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A local Toronto artist has a unique way of engaging with his community on instagram, while giving his followers a chance at snagging a piece of his art for less than they would have to pay at a gallery. Anser (@ansermysteriousdate) posts a unique piece of art every Friday under the hashtag Affordable Art Friday. What this essentially means for his over 12k followers is that they have a chance to claim a beautiful piece of artwork each week at a lower cost than what most artists would charge at a gallery, assuming they’re the lucky one to send him an email first!

anser-mystery-art

affordable art fridays

Now, why would he do this? Does this diminish the perceived value of his work? In speaking with another local artist, that fear certainly is real. It can also be tricky when an artist is signed to a gallery to distribute art anywhere but there. However, in this instance, I think it’s important to take note of something; these are not finished, gallery-ready pieces on canvas. These are quicker sketches, sometimes on unique materials, and the engagement generated from his posts on instagram each week are unusually high.

When comparing his instagram engagement to other local artists, there are a few things I notice. Firstly, the comments on his work seems to be from people outside of his own social following. Why is this important? The value in a strong social media presence is not just better engagement with your friends – it’s also for reaching new people! This is why often with social media contests you are asked to tag a friend in the comment section to enter. They don’t just want you to see it, they want your friends to see it too! Secondly, it’s easy for supportive friends, family and followers to say “love this!” but to see post after post with people upset that they couldn’t get their hands on a specific piece of art? That kind of demand is hard to drum up! Finally, it’s hard not to think about the valuable insights you can gain by looking at which styles are engaged with the most. How many emails you get for people wanting a specific piece. The feedback it encourages is enormously valuable.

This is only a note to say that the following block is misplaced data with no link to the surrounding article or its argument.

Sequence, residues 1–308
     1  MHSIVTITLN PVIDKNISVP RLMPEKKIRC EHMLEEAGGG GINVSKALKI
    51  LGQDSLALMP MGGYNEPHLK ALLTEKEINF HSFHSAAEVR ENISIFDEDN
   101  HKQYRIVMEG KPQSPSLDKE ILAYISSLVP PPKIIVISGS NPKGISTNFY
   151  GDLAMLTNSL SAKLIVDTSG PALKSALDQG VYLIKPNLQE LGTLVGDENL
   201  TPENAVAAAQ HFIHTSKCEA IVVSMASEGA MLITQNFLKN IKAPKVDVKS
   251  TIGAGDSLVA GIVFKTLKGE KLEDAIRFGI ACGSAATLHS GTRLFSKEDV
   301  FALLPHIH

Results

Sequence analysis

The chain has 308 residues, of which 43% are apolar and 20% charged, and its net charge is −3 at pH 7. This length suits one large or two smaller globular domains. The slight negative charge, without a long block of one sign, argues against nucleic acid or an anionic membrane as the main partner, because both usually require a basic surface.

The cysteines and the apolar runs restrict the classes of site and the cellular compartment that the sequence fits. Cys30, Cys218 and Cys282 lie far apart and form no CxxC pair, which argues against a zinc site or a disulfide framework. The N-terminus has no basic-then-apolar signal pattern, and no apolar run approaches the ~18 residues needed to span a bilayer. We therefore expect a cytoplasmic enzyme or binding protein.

All in all, what I think matters most in this particular case is that sometimes it’s good to get outside of the status quo. We often have a tendency to price ourselves at a certain level, which is great, but being creative and trying to drum up new business however we can get it is important. If you are a creator of content, whether it be art or music or anything else, you should be creating non stop. You need to love what you do and pour every ounce of yourself into it. Not every piece is gallery worthy, or album worthy. But that doesn’t mean that you can’t share that with your community and give them a reason to care about you in return. Maybe giving back just might be what actually gives the greatest returns back to you.